The data showed there were three levels of tissue integration and angiogenesis of the synthetic materials over the 12-week period. The least integrated scaffolds with the lowest number of blood vessels were control scaffolds and scaffolds modified with PRP alone over the 12 weeks. The second level was the PM, ADSC, PM+PRP and ADSC+PRP scaffolds which all showed a similar level of integration and angiogenesis. The highest level of integration and blood vessel formation was observed with the PM+PRP+ADSC and PM+ADSC scaffolds.
This data demonstrates that ADSCs and plasma surface modification were enhancers of tissue integration and angiogenesis whereas PRP had no effect. Scaffolds modified with PRP demonstrated no effect on tissue integration and angiogenesis compared to control but enhanced the tissue integration and angiogenesis when PM scaffolds or ADSCs were also present. Modification of the scaffolds with ADSCs or PM demonstrated improvements in angiogenesis and tissue integration of the synthetic scaffolds. When both ADSC and PM scaffolds were present, the scaffold modifications acted synergistically, indicating that the argon plasma surface modification promoted the ADSCs on angiogenesis and tissue integration. Additional file 6: Figure S4 schematically explains these key findings.
It was important to understand the effect of argon plasma and PRP on rADSC growth, adhesion and angiogenic properties in vitro as well as in vivo environment. The in vitro data supports the in vivo findings that PM was a more effective surface modification than PRP in promoting tissue formation and angiogenesis. Plasma surface modification improved the rADSC adhesion and growth in culture to a greater degree than scaffolds treated with PRP alone (Fig. 1). Furthermore, plasma surface modification improved the secretion of angiogenic growth factors and mRNA expression of VEGF of the rADSCs to a greater degree than on scaffolds treated with PRP alone (Additional file 4: Figure S2). Both plasma surface modifications and PRP caused no change in the cell shape and cell area of the rADSCs as shown by F-actin staining adhering to the scaffolds, providing evidence that the modifications provided suitable sites for adhesion (Fig. 1).
PRP did improve the growth of the rADSCs on the PU scaffolds, as in agreement with previous studies [28,29,30]. Diaz et al demonstrated PRP can improve the adhesion and proliferation of ADSCs on PCL scaffolds . PRP has also shown to increase the secretion of angiogenic factors by ADSCs in vitro culture [28,29,30], which explains the increased secretion on the PRP scaffolds, compared to the unmodified control. Several reports have shown that PRP alone can increase the angiogenesis of scaffolds in vivo [31,32,33,34,35,36,37,38]. The use of PRP on poly(lactic-co-glycolic acid) (PRP-PLGA)/calcium phosphate cement (CPC)PLGA/CPC composite scaffolds improved the bone formation, angiogenesis and material degradation after 12 weeks of implantation in a rabbit defect model . The addition of PRP to strattice in an in vivo ventral hernia repair model showed enhanced neovascularisation in a rat model over 6 weeks . Our study is in contrast with the current literature, as PRP was found to have no significant effect of tissue integration and angiogenesis when used alone on the polyurethane scaffolds. However, despite the pre-clinical experiments providing some evidence that PRP may have a therapeutic effect, the clinical evidence is minimal .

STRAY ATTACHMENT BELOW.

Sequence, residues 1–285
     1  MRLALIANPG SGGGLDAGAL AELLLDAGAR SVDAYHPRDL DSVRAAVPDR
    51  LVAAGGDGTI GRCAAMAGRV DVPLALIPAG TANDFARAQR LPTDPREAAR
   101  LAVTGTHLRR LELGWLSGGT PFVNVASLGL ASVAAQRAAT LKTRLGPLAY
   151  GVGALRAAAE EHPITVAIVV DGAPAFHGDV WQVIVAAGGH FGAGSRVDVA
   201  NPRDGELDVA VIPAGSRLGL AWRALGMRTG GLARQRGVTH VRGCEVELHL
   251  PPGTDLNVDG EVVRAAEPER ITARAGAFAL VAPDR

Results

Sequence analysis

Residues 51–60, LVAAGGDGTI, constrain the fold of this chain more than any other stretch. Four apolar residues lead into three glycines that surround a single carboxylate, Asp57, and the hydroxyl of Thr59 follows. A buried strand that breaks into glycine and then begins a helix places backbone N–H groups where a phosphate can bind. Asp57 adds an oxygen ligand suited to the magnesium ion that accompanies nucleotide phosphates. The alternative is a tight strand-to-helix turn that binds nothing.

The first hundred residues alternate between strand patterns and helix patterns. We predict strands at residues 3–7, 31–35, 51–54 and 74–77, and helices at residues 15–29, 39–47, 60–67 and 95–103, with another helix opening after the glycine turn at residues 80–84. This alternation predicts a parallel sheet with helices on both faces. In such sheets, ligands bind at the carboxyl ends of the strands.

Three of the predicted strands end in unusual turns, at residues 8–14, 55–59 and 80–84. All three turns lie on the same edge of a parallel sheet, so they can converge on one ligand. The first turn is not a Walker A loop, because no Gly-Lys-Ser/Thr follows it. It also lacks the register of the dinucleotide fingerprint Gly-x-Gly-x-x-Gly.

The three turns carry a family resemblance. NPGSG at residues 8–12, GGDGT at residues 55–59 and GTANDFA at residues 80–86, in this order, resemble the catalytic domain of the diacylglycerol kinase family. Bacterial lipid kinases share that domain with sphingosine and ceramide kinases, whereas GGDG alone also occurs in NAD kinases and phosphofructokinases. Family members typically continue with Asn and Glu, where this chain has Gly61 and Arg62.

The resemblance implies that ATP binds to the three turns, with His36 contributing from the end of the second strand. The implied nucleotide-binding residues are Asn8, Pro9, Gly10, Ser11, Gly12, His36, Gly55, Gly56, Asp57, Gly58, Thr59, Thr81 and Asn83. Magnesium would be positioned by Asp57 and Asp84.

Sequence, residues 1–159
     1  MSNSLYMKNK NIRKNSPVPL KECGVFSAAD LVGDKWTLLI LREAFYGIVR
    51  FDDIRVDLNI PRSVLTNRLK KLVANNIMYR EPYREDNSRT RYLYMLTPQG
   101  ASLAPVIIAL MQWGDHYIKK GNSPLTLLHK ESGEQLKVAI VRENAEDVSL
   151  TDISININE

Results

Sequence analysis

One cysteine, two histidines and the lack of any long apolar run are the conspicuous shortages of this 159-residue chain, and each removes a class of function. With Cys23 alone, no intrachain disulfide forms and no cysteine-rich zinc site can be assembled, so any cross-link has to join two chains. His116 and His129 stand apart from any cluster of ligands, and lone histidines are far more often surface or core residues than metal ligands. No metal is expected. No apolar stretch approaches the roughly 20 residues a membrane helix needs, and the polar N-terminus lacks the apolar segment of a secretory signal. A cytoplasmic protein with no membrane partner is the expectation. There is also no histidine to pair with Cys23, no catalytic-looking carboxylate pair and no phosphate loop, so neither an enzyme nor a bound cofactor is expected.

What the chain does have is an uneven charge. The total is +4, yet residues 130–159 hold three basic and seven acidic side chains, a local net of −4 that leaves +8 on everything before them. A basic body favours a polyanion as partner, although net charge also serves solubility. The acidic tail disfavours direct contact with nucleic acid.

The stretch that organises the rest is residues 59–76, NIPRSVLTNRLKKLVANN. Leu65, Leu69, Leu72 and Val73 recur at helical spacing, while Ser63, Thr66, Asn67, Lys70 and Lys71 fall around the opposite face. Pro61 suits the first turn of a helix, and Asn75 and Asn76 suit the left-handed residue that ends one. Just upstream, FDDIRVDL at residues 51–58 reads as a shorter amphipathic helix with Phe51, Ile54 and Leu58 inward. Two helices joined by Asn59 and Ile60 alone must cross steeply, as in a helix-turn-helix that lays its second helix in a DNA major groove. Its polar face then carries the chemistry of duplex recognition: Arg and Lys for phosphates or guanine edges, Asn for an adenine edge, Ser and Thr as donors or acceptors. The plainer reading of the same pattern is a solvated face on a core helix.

The observation that PRP has little effect on the angiogenesis in this study may be due to several factors. We fixed the concentration of PRP based on previous studies and preliminary studies, which showed rADSC adhesion and viability and VEGF and bFGF expression over 14 days in vitro was optimal with concentration with 30-min incubation (Additional file 7: Figure S5). Although the concentration of PRP in vitro caused significant changes to the rADSC angiogenic potential, the in vivo setting is more complex to control. There are multiple cues and processes that the PRP might need to influence to improve tissue integration and angiogenesis.
Few studies have shown that PRP and ADSCs work synergistically together to improve tissue integration and angiogenesis [39,40,41]. For example, ADSCs with PRP have shown better wound healing after radiation treatment than hADSCs alone in a porcine model . Furthermore, Seyhan et al. reported that fat grafts were more viable in a mouse model with ADSCs and PRP than when used alone . Chiou et al. also found that ADSCs and PRP improved tendon healing when used together due to the release of angiogenic growth factors . However, in this study, there was no enhancing effect of ADSC and PRP as a similar level of tissue integration and angiogenesis was observed with PU+ADSC and PU+ADSC+PRP using histological analysis. However, this study did provide evidence that plasma-modified scaffolds worked synergistically with the rADSC on improving the angiogenesis and tissue integration of the nanocomposite polyurethane scaffolds.